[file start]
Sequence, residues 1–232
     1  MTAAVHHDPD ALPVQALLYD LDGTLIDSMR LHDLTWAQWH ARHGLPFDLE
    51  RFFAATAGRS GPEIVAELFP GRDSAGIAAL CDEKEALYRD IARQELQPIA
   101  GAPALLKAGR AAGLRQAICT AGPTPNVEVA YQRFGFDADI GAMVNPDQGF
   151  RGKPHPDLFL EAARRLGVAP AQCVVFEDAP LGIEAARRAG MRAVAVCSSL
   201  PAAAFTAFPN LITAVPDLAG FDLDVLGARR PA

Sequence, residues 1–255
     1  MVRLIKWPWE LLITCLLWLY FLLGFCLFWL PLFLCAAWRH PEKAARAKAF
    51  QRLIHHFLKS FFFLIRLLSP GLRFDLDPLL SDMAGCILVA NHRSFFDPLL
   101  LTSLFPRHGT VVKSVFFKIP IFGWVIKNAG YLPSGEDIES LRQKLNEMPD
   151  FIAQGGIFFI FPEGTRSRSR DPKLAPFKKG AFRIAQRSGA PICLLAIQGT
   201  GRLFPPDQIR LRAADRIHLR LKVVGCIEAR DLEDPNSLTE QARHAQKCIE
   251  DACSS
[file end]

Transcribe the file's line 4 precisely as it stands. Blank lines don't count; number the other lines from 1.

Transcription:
   101  GAPALLKAGR AAGLRQAICT AGPTPNVEVA YQRFGFDADI GAMVNPDQGF